That is the question currently consuming provincial politics and that prompted the interim head of the force, Brad Blair, to issue a letter on Tuesday night calling on the Ontario ombudsman to review the appointment of longtime Ford family friend Ron Taverner to the top police job.
That appointment came after the job criteria, which Taverner did not initially meet, were changed.
Ford has denied any involvement in the hiring process and on Wednesday, Sylvia Jones, the provincial community safety minister, said her office will co-operate with any review if the ombudsman decides to pursue one.
But Jones also questioned Blair’s motivation for raising the issue in her statement, arguing the allegations are “unfounded” and have “unfairly maligned” the Ontario Provincial Police.
WATCH BELOW: Horwath accuses Ford of playing direct role in Ron Taverner’s hiring
Ford did not address the matter or take questions from reporters following a speech on Wednesday morning.
However, the matter is expected to dominate the political conversation until Taverner is sworn in on Dec. 17.
Here is everything you need to know about the uproar.
Who is the new commissioner?
Rob Taverner, 72, is a divisional superintendent from northwestern Toronto and serves with the municipal police force.
His career spans more than 50 years and includes work spent working on organized crime and intelligence cases.
Mark Saunders, current chief of the Toronto Police Service, praised his appointment, as did Althea Martin Risden, director of health promotion at Rexdale Community Health Centre.
He has been awarded the Order of Merit of the Police Forces, which recognizes exceptional service by Canadian police force members.
But he is also a longtime friend of both Ford and his family and has spent years policing in and around Etobicoke — the Fords’ home turf.
Why does that have some concerned?
Blair and opposition critics argue potential bias stemming from that friendship could be a problem if the Ontario Provincial Police ever has to investigate activities by either Ford, his associates or his government as the force did when it took over Project Brazen 2 from Toronto police in 2014.
That investigation saw the provincial police target both the late Rob Ford and his friend, Alessandro Lisi.
Lisi was charged with extortion and drug-related offences in connection with the Rob Ford crack-smoking incident of 2013.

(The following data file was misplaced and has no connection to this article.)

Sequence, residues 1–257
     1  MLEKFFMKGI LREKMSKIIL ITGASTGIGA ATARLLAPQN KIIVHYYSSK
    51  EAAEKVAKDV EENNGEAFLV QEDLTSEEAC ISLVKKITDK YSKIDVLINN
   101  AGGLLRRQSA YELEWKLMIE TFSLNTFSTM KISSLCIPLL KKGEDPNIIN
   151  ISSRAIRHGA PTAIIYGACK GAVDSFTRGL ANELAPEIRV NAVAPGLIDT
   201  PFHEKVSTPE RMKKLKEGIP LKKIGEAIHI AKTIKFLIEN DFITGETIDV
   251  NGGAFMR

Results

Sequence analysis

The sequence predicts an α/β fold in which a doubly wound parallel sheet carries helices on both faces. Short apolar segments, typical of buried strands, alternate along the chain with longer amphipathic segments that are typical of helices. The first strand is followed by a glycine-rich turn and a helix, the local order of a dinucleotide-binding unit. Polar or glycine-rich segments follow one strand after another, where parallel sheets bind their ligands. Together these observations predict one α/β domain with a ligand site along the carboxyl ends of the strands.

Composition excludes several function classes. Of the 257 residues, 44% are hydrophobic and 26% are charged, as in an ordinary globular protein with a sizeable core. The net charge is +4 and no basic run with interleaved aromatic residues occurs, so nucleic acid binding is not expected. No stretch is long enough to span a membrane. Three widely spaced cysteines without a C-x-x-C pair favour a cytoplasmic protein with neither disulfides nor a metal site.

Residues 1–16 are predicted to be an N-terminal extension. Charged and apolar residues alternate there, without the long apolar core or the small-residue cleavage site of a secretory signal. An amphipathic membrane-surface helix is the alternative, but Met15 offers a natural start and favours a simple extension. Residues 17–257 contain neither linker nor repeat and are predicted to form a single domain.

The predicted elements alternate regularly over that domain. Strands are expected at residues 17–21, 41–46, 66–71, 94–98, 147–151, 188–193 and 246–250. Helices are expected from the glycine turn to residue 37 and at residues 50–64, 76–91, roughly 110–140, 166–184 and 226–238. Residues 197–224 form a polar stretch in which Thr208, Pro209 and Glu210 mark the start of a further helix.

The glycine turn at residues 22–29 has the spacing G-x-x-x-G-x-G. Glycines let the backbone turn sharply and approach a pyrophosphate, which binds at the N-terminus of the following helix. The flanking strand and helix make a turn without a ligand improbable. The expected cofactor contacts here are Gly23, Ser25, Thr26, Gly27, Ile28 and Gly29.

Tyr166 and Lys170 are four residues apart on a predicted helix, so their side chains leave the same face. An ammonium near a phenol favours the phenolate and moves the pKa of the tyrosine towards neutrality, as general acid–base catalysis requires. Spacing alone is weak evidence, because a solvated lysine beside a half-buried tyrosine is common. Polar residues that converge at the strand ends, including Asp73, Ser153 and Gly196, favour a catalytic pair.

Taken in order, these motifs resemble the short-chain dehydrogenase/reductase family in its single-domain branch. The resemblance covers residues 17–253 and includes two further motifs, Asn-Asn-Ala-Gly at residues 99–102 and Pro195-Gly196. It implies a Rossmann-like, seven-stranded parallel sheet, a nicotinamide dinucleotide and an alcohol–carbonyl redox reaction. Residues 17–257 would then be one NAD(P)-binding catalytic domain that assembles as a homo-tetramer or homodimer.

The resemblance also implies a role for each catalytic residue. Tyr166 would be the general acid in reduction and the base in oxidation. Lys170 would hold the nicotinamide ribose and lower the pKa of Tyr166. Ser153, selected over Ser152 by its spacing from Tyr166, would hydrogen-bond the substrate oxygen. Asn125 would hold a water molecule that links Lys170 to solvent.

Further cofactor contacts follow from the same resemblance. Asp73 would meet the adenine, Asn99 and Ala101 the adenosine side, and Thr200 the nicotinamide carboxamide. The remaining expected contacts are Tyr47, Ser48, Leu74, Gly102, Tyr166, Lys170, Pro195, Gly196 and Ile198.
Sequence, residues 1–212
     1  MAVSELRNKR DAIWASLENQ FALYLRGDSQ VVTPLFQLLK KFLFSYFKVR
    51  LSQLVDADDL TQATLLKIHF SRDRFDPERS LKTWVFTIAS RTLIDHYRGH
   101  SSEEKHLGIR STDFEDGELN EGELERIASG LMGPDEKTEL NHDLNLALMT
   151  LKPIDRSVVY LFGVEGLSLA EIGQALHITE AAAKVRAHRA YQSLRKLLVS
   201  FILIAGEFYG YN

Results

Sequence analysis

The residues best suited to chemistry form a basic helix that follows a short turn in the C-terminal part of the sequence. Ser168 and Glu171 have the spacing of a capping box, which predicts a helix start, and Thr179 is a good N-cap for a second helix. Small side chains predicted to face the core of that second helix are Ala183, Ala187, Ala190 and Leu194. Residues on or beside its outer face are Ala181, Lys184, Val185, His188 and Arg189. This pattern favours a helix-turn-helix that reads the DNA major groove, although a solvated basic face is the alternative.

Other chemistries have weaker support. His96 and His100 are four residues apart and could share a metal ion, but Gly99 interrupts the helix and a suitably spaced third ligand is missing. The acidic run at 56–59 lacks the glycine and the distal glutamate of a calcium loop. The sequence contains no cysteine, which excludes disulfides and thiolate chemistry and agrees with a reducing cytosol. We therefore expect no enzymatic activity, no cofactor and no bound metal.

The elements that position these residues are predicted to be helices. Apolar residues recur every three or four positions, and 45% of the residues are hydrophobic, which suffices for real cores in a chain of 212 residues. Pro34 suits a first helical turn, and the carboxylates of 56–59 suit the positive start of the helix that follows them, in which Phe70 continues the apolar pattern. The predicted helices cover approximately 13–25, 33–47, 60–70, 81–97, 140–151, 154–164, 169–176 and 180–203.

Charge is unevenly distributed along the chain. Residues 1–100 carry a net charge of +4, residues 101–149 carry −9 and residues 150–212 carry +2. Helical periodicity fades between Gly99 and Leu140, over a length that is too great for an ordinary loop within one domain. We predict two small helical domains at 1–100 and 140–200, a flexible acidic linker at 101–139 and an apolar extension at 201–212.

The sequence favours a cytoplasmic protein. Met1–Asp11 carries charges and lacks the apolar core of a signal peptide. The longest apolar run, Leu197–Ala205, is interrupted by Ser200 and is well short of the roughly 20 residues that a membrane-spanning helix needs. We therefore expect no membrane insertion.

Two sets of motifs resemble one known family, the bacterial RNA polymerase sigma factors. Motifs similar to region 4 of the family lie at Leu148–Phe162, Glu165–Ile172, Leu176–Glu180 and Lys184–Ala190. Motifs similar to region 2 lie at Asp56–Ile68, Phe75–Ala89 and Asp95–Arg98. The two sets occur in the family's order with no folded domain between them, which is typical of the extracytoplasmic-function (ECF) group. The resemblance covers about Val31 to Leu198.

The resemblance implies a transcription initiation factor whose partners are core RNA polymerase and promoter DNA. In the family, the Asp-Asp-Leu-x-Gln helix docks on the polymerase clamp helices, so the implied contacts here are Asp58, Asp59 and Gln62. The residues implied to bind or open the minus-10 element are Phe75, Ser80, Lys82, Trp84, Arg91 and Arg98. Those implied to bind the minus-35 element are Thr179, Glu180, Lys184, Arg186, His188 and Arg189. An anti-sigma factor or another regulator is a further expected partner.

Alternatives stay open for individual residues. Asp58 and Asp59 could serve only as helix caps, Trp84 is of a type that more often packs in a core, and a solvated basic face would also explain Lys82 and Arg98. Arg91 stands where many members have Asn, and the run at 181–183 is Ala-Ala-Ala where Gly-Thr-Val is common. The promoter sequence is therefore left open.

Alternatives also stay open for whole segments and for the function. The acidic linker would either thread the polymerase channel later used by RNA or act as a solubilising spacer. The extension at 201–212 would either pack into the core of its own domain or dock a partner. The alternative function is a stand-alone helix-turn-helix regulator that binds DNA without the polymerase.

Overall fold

He was acquitted of the drug charges in 2015 and in 2016, the extortion charge was withdrawn.
Blair also raised questions in his letter about potentially problematic relations already existing between Ford’s team and the provincial police force.
In his letter to the ombudsman, Blair pointed to two specific cases he argued raised red flags.
WATCH BELOW: Doug Ford says he had no role in appointment of new OPP commissioner
“A concerning history already exists between Premier Ford’s office and the OPP,” he wrote.
Blair said he was referring to “requests from Premier Ford for a specific security detail, staffed with specific officers that Premier Ford would feel comfortable with,” and alleged that Ford suggested, “If Commissioner Hawkes would not address the issue, perhaps a new commissioner would.”
He said Ford’s requests were subsequently approved.
However, it is not clear why Ford may have had concerns about how comfortable he was with existing security details or why he wanted specific officers assigned to his detail.
As well, Blair also alleged Dean French, chief of staff to Ford, asked the provincial police to buy a “large camper-type vehicle” for the premier, then have it customized and the costs “kept off the books.”
How did Taverner get the top cop job?
Ask Blair, and the suggestion is “political interference.”
But ask the premier or his government, and the answer is because he was the best-qualified candidate.
The issue at the heart of the matter is that Taverner got the job after the criteria initially set out for the posting were lowered.
Why they were lowered remains unclear.
WATCH BELOW: Ford explains independent panel selected new OPP commissioner, not him
In his letter to the ombudsman, Blair wrote that the original job posting that went online on Oct. 22 listed two core requirements for applicants.
First, a successful candidate would need to be an “experienced executive with a background in police.”
Second, they needed a “track record and demonstrated ability to provide executive leadership in a complex policing organization at the rank of deputy police chief or higher, or assistant commissioner or higher in a major police service.”
WATCH BELOW: Incoming OPP commissioner’s qualifications are being questioned
Both have been requirements in place for OPP commissioners since 2006, Blair wrote.
Yet on Oct. 24, the second criteria, setting out specific rank experience, was removed from the posting.
Jones says that change was made by the hiring firm in charge of the process in order to “make sure that the best person to head our OPP was going to apply” and to “broaden the potential pool of applicants,” of which there were 27.
Only four, Blair wrote, did not meet the original rank criteria.
What happens next?
Barring any changes, Taverner will be sworn in as commissioner on Dec. 17.
His term will last three years.
No decision has yet been announced from the ombudsman as to whether the office will launch the investigation requested by Blair.
But Global News has learned the Office of the Integrity Commissioner of Ontario has opened up an investigation into Taverner’s appointment.
That investigation comes after both NDP MPP Kevin Yarde and Liberal interim leader John Fraser filed formal complaints.
The results are yet to be determined.
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